The last basic area of medical marijuana use is form of uptake. There are edibles, smoking, vaping, tinctures, and lotions. The general recommendation is to start with a tincture or vaping. Vaping is done through a vape pen that heats the cannabis flower or cannabis oil. Vaping allows for effect within 10-15 minutes, can be taken additionally as needed, and lasts 3-5 hours. Tinctures are dosed under the tongue and takes effect within 20 minutes. Tinctures can be taken additionally as needed, and last approximately 2 hours. Smoking is the least recommended form of use, as it causes exposure to carcinogens through the process of inhaling the burned papers. Edibles, another alternative, take effect after 90 minutes to 2 hrs. Edibles have a longer lasting effect of 6-8 hours however they have and higher potency and they are processed by the liver; concerning for those with other liver issues. Also, new users of edibles risk ingesting too much, when the delay in active effect is assumed to be a lack of ingesting ‘enough’. A prescribing doctor, Dr. Jordan Tishler, interviewed through WBUR’s This Moment in Cancer, stated that lotions and topicals are not effective as cannabis cannot penetrate the skin; however, anecdotally, many Healing Garden clients have reported relief from neuropathy through use of cannabis lotions. Salves and lotions massaged into the skin take 30 minutes to kick in and lasts 5-6 hours.
Medical Marijuana Product Usage Recommendations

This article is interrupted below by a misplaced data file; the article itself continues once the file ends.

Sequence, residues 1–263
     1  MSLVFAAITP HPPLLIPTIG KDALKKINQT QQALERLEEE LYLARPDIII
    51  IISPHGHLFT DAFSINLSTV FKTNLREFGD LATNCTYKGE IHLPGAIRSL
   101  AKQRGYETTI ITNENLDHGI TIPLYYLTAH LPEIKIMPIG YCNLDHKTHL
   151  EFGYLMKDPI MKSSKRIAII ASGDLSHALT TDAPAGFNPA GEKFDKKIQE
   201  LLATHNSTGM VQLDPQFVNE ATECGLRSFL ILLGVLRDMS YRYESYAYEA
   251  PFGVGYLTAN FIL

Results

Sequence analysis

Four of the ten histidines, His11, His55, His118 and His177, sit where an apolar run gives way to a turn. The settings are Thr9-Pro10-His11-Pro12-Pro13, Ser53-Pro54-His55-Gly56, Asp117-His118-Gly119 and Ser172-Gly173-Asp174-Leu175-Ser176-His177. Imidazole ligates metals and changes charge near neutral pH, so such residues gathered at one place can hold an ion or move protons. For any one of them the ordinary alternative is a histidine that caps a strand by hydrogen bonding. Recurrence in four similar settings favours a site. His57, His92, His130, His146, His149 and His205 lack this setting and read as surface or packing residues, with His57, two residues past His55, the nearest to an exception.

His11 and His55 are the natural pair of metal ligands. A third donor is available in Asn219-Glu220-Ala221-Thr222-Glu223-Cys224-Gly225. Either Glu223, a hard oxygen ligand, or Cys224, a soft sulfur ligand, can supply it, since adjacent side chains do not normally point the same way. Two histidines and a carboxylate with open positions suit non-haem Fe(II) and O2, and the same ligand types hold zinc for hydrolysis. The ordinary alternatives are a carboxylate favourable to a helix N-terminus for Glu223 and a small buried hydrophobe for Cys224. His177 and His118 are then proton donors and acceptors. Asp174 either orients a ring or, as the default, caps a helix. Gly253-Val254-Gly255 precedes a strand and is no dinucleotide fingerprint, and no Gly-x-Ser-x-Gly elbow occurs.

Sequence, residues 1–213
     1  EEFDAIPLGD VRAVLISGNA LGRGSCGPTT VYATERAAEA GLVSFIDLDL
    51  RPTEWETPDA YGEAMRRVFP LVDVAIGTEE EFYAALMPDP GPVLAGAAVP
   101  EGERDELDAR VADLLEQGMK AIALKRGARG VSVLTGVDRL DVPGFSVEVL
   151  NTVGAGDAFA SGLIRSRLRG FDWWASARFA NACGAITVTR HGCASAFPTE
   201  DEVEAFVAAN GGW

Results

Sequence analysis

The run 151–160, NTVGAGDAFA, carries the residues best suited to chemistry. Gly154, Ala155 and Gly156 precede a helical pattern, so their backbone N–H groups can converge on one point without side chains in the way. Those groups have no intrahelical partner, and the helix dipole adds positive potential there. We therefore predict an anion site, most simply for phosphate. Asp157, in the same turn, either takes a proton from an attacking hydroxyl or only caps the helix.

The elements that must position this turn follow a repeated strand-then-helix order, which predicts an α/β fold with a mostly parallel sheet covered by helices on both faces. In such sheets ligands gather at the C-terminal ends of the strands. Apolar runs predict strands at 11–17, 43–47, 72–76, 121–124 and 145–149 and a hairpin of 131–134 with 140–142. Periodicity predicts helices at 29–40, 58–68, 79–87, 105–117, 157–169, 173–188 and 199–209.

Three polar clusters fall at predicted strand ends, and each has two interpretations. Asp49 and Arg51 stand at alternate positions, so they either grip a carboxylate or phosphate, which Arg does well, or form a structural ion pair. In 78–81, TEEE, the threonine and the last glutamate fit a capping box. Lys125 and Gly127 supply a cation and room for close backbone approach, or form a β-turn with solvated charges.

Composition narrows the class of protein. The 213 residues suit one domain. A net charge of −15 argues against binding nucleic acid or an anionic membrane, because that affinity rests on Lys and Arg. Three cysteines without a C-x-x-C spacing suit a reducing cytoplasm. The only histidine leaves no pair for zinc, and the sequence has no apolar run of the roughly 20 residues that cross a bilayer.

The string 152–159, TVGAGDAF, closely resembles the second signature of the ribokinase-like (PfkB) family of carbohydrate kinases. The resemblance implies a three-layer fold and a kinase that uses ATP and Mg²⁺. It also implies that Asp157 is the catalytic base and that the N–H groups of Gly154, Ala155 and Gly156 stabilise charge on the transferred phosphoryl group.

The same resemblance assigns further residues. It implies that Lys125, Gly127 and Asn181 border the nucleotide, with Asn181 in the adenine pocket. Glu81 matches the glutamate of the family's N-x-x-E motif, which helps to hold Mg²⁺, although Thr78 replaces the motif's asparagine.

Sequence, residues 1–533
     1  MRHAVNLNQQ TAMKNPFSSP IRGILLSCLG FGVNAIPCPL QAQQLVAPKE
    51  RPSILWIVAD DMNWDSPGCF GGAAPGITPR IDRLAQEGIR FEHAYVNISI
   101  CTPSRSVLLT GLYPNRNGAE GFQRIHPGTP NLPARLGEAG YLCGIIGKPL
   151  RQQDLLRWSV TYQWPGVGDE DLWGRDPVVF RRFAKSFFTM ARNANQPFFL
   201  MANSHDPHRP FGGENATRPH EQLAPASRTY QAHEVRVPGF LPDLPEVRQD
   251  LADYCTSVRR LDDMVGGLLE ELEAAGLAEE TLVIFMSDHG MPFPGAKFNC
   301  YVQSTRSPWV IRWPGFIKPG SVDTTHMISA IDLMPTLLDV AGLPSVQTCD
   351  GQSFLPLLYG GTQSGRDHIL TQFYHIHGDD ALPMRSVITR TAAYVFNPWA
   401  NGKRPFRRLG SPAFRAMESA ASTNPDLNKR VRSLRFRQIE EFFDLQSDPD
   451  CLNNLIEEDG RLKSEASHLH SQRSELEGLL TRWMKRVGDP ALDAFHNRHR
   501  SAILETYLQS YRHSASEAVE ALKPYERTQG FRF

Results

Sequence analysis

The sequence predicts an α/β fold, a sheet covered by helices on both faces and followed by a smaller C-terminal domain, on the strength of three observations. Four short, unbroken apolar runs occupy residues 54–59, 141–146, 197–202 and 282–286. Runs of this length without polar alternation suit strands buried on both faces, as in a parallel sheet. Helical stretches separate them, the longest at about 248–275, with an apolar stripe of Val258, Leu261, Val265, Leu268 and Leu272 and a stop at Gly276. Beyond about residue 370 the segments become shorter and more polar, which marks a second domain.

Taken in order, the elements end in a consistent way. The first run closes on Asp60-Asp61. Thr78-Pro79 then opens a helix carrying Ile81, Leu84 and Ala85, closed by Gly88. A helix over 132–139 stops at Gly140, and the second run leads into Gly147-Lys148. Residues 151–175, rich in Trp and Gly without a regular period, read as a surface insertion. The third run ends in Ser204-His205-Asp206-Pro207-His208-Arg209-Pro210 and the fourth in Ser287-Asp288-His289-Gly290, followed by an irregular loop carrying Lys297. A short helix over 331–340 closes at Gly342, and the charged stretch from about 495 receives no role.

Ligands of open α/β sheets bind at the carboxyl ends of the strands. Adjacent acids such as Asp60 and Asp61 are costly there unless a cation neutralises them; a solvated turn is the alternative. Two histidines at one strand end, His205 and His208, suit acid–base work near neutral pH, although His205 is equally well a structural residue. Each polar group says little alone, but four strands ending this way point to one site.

There currently is no standard protocol/product usage for cancer patients. This is due to several reasons. 1) There is a lack of research. 2) Each individual naturally has a unique Endocannabinoid system. This is a regulatory system that exists in every mammal which functions to stabilize the body. Therefore, each person will have a different response to cannabis.
That leaves cancer patients with the decision of whether or not to go through the process of accessing medical cannabis, especially as it will be through trial and error as to how to determine the best product with the right ratios of THC to CBD to relieve their symptoms… and that process is very expensive. The process: 1) Physician Appointment (generally $200), locate and make an appointment or wait as a drop-in at a prescribing physician’s office; 2) Certification Card ($50), sent in by prescribing physician, may take up to 3 weeks to obtain; 3) Cannabis cost rage ($50-$300) -quite expensive especially when having to go through trial and error to see what works; and 4) Renewal ($250), yearly fee of physician appointment and card. The Compassionate Care, Inc. dispensary has a discount for veterans, those on MassHealth, or those on Social Security Disability.